Sometimes I think the world is getting fundamentally goofier, at an
ever-increasing pace. On the other hand, I've only been here a brief
while (in geologic terms, at least), and can't help believing that
the world has always been pretty doggone goofy.
Sputnik and I happened to arrive the same year, 1957, though
Sputnik made a much bigger splash in the press. Here is a testament
to the magnitude of orbital velocity: a 183-pound device, accelerated
into Earth orbit, can drag an entire surprised world right along with
it. F=ma, indeed.
At the time a key parameter in the acceleration of global
goofiness was surely the simultaneous acceleration of the space race.
We learned to count backwards - "T-minus" one second at a time - most
of us blissfully unaware of the meaning of "T". One of the first
things I vividly remember is watching an Atlas-6 rocket lift John
Glenn into Earth orbit. My equilibrium had been forever punctuated.
(I'd never seen a color TV before.)
There was a lot happening during those goofy years, and not
all the voices were counting down in synchronized unity. While it's
true that conformity was king, the muzzles of McCarthyism were
loosening. Diverse voices once again posed probing questions, flatly
eschewing pat answers. Of course, as soon as someone uses the word
"eschew," half their audience is history. How, then, to make people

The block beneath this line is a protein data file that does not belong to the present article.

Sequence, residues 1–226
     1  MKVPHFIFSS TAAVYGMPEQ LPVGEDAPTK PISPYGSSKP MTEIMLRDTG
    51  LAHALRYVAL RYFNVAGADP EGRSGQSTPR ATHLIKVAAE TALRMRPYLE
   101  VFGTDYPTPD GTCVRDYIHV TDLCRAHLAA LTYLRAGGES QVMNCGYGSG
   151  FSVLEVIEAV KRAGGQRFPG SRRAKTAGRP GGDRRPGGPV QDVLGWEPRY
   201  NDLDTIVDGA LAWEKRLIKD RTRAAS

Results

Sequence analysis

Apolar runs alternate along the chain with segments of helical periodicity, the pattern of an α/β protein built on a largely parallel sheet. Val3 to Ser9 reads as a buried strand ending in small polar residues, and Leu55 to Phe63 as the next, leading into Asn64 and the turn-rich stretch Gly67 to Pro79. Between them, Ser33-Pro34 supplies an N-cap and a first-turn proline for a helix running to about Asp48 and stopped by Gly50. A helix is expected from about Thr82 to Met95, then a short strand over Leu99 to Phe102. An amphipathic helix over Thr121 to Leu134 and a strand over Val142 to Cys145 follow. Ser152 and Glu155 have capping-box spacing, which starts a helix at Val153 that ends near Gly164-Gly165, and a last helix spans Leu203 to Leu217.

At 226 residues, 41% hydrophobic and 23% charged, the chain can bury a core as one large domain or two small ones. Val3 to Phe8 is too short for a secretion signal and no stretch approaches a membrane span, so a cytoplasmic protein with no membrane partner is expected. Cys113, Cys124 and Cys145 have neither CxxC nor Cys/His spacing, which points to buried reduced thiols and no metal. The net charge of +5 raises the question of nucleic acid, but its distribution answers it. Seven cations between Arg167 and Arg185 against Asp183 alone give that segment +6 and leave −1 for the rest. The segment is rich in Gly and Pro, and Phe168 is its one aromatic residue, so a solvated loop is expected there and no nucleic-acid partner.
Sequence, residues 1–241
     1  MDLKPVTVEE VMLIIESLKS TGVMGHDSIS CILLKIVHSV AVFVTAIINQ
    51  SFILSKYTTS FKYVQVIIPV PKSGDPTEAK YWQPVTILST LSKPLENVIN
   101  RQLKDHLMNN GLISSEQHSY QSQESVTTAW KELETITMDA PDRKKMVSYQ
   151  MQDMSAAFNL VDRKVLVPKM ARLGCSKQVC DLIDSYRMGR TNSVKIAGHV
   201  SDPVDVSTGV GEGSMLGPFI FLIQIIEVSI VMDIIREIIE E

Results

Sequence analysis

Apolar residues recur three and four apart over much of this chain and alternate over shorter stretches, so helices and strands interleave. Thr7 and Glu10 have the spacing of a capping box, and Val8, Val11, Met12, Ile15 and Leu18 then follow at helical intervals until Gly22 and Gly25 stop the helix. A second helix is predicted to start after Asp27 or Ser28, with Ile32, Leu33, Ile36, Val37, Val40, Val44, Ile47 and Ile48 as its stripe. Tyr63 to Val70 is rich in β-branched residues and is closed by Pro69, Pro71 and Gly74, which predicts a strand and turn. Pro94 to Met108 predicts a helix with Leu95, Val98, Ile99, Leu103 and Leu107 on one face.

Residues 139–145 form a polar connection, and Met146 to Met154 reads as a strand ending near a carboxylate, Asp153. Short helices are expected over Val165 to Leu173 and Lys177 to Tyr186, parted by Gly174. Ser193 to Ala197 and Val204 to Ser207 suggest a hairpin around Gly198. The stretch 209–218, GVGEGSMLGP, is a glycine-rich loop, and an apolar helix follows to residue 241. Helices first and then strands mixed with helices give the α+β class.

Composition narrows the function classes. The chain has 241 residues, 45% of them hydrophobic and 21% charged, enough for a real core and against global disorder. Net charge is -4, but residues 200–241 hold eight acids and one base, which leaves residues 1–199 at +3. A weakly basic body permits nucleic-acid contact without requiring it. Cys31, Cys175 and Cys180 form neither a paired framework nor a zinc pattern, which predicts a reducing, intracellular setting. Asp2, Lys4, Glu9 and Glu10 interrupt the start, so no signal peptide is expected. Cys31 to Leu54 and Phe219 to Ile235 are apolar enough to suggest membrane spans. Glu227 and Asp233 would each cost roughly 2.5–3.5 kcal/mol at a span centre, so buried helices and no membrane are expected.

It seems that if you make people laugh, they will listen to
you. After all, laughing is fun; it feels good. So, if you happen to
have a particularly outrageous - or even subversive - point to make,
why not make it with humor?
It was a Saturday afternoon when buoyant humor rescued me
from what had, so far, been a pretty mainstream float through
childhood. Flipping through the channels (I think we got five or
six), I happened upon a starkly rendered warning:
It is the stated position of the U.S. Air Force that their
safeguards would prevent the occurrence of such events as are
depicted in this film...
And so began Stanley Kubrick's dark comedy, Dr. Strangelove,
or: How I Learned to Stop Worrying and Love the Bomb.
On the surface, it's an unsettlingly scary premise: a
plausible scenario, in which human frailty leads to nuclear
Armageddon. (I am reminded of that "Buffy" episode, in which Giles
says, "It's the end of the world. Everyone dies. It's rather
important, really.") So why was it so outrageously funny? One
possible explanation springs to mind: "goofiness."
Some years later, during that brief and shining time when I
knew it all, my taste in music was singularly insular. Music, of all
things, certainly wasn't funny. Rather, music was a profoundly
ponderous accompaniment to the equally grave business of unbridled
teenage lust: an ear-pounding backdrop to the perpetual pursuit of
Then, a great friend of the family introduced me to the
musical genius of Tom Lehrer. I had found the contrapuntal companion
to Strangelove, poking furtive fun at soberly spooky specters like
irreverent Boy Scouts ("Be Prepared"), Dahmer-esque dismemberment ("I
Hold Your Hand in Mine"), and nuclear conflagration ("We'll All Go
Together When We Go"). That familiar melody, with a new lyric - "Down
by the old maelstrom..." - inevitably evokes an irrepressible grin.
So, dear reader, I implore you: don't fear goofiness, embrace
it. After all, it has been with you your whole life and always will
be, so laugh at it when you can. In the words of Mary H. Waldrip, "A
laugh is a smile that bursts."
Blair Wyman is a software engineer working for IBM in Rochester,
Minnesota, home of the IBM iSeries.